7 Things to Know Before You Join a Clinical Trial


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Clinical trials can earn you hundreds or even thousands. But they aren't necessarily easy to get into – or through. Here are some details from those in the industry.

Last week, we told you about 8 Weird Ways to Make Extra Money. One of them was this…

“Provided you qualify, participating in tests of new medicines and procedures can earn you up to a couple of thousand dollars.”

And how do you find a clinical trial near you? We recommended using this search tool from the Center for Information & Study on Clinical Research Participation, or CISCRP.

Well, CISCRP searched for us. They wanted to tell Money Talks News readers that clinical trials aren’t a quick cash-grab – and not all of them pay. Here’s what they emailed us…

Thank you for mentioning CISCRP in your recent article “8 Weird Ways to Make Extra Money.” Your mention has spurred a lot of interest in our organization and is helping us work with many people to educate and connect them with relevant clinical trials in their communities…

It is vital that people understand the pros and cons of participating in clinical trials to determine if participation is right for them.  I invite you to read our article (attached as a PDF) and share it with others.

This is the PDF they sent us, but here are the highlights…

  1. Compensation is reward for a risk. The benefits aren’t only financial. You’re likely to get care at leading facilities and new treatments that aren’t widely available. But the whole reason they’re testing new treatments is because they’re not sure what will happen – side effects can range from unpleasant to life-threatening.
  2. Read before you sign. The “informed consent document” provided by the researchers is important, so read it carefully. It explains the purpose and scope of the study, including how long it lasts, what’s involved, and the known potential risks and benefits. As ClinicalTrials.gov explains, “Informed consent is not a contract, and the participant may withdraw from the trial at any time.” But it’s best to know what you’re getting into beforehand.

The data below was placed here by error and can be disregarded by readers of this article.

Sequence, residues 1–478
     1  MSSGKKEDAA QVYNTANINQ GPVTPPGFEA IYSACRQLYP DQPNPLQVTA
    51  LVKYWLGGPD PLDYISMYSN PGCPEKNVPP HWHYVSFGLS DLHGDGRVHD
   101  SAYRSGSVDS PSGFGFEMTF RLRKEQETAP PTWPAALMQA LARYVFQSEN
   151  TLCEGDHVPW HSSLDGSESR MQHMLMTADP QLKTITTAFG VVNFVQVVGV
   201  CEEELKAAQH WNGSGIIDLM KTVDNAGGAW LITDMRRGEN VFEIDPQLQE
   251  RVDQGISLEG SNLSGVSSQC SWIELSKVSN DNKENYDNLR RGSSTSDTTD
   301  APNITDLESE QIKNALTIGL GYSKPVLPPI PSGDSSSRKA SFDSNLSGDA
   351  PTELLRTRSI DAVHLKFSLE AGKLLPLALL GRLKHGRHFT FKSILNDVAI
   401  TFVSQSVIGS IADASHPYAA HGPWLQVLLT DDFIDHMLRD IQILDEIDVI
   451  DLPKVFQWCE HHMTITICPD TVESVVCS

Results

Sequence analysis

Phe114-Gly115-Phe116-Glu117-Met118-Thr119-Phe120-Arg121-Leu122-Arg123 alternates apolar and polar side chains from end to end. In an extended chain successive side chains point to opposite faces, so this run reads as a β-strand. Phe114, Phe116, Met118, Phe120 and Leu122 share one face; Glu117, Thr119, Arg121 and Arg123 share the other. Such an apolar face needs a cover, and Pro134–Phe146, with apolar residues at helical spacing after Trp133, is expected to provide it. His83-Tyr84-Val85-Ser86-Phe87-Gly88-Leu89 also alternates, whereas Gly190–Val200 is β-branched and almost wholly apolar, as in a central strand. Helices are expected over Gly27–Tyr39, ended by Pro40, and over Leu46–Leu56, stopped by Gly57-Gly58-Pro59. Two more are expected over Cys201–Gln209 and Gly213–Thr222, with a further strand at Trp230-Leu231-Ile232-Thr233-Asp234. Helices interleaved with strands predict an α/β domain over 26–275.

3. Your pay depends on the “phase.” How much a medicine or treatment has already been tested affects the chances that you’re going to get paid to test it. Of the four types of trial the CISCRP identifies – Phases I through IV – Phase I is the earliest, when the effects and outcome are least understood. It’s also the kind most likely to pay – 85 percent of the time, the CISCRP says.
  4. Earlier the better. Early trials are small, but they’re easier to qualify for (healthy adults can participate) and pay more. A Phase I trial is tested on just 20 to 80 people, according to ClinicalTrials.gov, but the CISCRP says they’re usually the highest-paying at “an average of $1,968 per volunteer.”
  5. Later trials are bigger but are less likely to pay. And when they do, usually offer less. Phase II can include a few hundred people, and Phase III thousands. But CISCRP says later trials have a “slightly more than 50 percent” chance of paying, with Phase IV offering the lowest average compensation, around $400.
  6. Pay rate also depends on the area of medicine. “The highest amounts are offered for cardiovascular disease, neurology, endocrine, gastrointestinal, and blood disorders,” the CISCRP says.
  7. “A trial is not a substitute for a job,” the CISCRP says. But it can require some work – it’s not just a matter of popping pills. You may have to keep daily logs of symptoms or travel, so you should factor in your time commitment and gas when considering the pay. And while “most studies provide free study medication, tests, and reimbursement for study related expenses,” not all do.

To learn more about clinical trials, check out ClinicalTrials.gov’s frequently asked questions page and the glossary of terms. The CISCRP also has a lot more information, including a quick summary brochure and a list of questions to ask before you jump in.

Have you participated in a clinical trial before? Share your story and advice with other readers on our Facebook page.

Stacy Johnson

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